dpm is a Birmingham-based freelancer with experience of arts and lifestyle features.
Published March 17th 2021
All you need to know about death, dying and grief
End-of-life doula Anna Lyons and funeral director Louise Winter have brought together their understanding and experiences in a compendium which covers pretty much anything you need to know about death, dying, funerals and grief.
The book comes from their work together on the festival and website Life. Death. Whatever. which aims to normalise the conversation about death and dying. It is therefore not surprising that We all know how this ends. is an open and honest call to arms to encourage us all to have what can sometimes be seen to be difficult conversations.
We all know how this ends.
It many ways, this is a book more to dip into than to read in one go as it is packed with information covering all areas of the field. Whether it is discovering how a person's body changes at end of life, exploring the various ways of holding a funeral or understanding people's different experiences of grief, Lyons and Winter have plenty of knowledge as well as human experience. In keeping with their belief that death and dying need to be discussed, Lyons and Winter do not shy away from the details but present them in a straightforward manner.
Interspersed with the facts there is plenty of humanity. Lyons and Winter also share their own stories – how both moved from other professions into their chosen fields and why they believe their mission is so important. So too they feature reflections from members of the Life. Death. Whatever. community – some will make you smile, some will break your heart and some will do both. For example, there's Kris Hallenga of breast cancer charity KoppaFeel! sharing 'five terminal illness perks no-one tells you the day you're diagnosed' and palliative care patient Lucy Watts sharing 'five things I know about living now I know I'm dying'.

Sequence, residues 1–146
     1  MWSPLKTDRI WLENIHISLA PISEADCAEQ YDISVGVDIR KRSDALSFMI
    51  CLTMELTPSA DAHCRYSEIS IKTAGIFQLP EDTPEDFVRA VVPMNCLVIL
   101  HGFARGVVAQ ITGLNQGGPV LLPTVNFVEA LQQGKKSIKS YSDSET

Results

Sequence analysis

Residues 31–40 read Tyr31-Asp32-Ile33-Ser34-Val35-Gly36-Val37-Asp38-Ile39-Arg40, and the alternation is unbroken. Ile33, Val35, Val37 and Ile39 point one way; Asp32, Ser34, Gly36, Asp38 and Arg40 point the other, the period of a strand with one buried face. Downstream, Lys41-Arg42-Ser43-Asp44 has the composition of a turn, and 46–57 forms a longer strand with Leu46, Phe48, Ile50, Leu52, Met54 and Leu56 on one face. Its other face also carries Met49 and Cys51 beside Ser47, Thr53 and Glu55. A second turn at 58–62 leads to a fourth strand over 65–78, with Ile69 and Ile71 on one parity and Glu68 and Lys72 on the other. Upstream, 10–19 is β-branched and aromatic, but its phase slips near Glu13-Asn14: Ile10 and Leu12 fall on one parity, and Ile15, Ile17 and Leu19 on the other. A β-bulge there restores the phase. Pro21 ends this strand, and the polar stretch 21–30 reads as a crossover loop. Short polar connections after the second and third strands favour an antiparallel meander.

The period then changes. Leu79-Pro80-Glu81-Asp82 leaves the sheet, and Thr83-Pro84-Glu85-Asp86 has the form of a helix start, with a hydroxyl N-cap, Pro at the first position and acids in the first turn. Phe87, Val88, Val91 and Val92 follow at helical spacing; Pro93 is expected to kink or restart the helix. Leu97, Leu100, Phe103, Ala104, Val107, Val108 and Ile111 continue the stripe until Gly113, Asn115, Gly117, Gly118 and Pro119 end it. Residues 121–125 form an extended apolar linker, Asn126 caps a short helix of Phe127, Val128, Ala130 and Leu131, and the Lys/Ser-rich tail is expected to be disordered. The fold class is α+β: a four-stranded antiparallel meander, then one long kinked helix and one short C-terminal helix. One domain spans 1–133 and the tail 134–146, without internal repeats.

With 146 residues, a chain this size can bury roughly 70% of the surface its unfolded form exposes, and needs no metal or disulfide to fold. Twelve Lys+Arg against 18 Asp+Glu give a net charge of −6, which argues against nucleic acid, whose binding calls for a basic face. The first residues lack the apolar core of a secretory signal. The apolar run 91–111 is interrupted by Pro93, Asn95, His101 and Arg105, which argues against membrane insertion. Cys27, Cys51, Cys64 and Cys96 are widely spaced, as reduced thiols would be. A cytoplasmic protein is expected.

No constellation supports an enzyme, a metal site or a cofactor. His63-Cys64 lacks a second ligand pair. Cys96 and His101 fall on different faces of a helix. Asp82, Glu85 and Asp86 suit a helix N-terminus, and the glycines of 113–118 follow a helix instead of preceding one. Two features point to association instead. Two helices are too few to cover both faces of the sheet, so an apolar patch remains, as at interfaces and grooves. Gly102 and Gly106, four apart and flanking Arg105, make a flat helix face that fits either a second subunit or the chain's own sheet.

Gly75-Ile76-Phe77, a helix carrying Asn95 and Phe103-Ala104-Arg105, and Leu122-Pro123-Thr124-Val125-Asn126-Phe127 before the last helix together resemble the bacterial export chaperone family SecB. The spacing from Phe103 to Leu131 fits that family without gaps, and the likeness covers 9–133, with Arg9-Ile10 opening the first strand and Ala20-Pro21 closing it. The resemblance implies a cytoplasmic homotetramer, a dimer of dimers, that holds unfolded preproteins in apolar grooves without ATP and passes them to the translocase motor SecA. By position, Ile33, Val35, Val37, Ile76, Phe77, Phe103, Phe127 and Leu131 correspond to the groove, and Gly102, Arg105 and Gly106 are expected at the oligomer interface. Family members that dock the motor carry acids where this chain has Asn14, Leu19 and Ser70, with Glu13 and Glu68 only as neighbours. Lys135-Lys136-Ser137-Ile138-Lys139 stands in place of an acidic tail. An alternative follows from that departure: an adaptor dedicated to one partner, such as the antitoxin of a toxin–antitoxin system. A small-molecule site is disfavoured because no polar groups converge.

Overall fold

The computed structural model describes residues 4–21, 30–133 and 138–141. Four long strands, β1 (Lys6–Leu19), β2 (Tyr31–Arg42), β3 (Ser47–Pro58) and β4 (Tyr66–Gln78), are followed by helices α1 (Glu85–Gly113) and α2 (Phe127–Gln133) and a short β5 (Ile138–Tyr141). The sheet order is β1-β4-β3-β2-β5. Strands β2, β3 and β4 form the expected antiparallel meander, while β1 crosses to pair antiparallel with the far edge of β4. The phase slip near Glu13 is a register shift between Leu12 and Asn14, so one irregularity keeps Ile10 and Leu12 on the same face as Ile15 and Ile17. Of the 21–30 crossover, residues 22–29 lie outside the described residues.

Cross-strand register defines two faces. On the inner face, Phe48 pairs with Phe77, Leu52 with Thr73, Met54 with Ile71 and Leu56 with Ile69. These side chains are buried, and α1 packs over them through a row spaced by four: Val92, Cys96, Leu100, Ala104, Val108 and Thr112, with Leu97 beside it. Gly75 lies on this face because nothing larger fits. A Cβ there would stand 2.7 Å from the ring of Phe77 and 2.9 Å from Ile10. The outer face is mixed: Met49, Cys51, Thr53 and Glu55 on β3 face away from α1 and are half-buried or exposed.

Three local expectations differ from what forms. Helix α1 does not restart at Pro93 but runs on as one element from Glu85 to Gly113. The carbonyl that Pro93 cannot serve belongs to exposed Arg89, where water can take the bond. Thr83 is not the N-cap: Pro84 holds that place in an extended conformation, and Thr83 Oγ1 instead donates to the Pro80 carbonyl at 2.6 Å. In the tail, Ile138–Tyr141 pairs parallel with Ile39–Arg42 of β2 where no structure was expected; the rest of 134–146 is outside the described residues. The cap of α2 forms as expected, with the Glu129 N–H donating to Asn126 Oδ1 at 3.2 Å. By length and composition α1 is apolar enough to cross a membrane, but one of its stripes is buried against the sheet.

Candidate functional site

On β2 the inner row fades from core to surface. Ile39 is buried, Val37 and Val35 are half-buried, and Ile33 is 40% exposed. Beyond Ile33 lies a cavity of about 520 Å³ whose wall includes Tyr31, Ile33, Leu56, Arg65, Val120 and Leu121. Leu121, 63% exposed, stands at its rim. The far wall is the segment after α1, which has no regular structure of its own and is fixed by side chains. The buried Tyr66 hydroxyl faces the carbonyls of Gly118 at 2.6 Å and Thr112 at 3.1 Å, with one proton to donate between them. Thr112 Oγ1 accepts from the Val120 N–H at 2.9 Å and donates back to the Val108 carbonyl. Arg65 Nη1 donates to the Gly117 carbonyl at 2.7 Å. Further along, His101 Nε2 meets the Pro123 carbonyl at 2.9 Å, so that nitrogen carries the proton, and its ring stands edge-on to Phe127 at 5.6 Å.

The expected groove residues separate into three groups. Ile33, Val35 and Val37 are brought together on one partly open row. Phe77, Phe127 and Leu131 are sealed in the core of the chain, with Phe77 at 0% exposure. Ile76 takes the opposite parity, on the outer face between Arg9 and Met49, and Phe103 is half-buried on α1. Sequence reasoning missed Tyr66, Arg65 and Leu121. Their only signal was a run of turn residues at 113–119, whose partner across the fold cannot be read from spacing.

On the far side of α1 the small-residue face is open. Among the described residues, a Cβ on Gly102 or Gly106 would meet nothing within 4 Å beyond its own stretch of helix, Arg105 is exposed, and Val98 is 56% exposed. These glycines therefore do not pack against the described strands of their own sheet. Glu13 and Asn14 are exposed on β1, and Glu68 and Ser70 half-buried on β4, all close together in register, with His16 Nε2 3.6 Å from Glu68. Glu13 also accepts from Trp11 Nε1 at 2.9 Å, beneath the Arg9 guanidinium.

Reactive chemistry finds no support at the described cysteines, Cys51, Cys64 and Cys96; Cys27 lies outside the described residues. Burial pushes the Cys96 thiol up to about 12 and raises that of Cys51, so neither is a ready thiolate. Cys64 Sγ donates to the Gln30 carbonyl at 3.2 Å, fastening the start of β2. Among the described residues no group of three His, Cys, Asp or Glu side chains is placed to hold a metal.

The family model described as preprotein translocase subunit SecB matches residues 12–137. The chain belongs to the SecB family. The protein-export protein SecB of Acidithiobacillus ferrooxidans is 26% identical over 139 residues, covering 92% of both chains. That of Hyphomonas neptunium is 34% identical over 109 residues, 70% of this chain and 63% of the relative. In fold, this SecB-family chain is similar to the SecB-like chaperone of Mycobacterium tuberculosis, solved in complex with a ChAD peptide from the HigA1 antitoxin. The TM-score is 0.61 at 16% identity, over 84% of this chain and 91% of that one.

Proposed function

There is also a poignant section of Unsaid messages – postcards completed anonymously with the words people wished they had said to their loved ones while they could. Again we see human experience in all its colour from the messages stating 'Dad, I still can't believe you are missing all of this' and 'I wish I had told you how much you inspire me' to 'your cooking was f*****g dreadful'.
Written during COVID-19, Lyons and Winter also reflect on how the pandemic has affected families and patients trying to cope with dying in such extraordinary and difficult circumstances. The effects of people not able to be with their loved ones as they die and limits to the number of people attending funerals are yet to be fully understood.
But Lyons and Winter intend this volume to be life-affirming - their view is that if we consider our deaths and prepare for them as much as possible now, we can also focus on living our lives to the full.
As they explain in their introduction: "This book isn't a lament on the loss of life, because we believe that death and dying don't have to be gloomy or taboo subjects. Talking about death and dying can be life-affirming and life-enhancing."
Lyons and Winter are sharing their knowledge and insight at a time when it is badly needed. The last 12 months have in many ways focussed our attention on statistics around illness and death but that does not necessarily mean we have moved forward in our willingness to discuss death, dying and grief in all its facets. There is so much to learn and ponder in this book.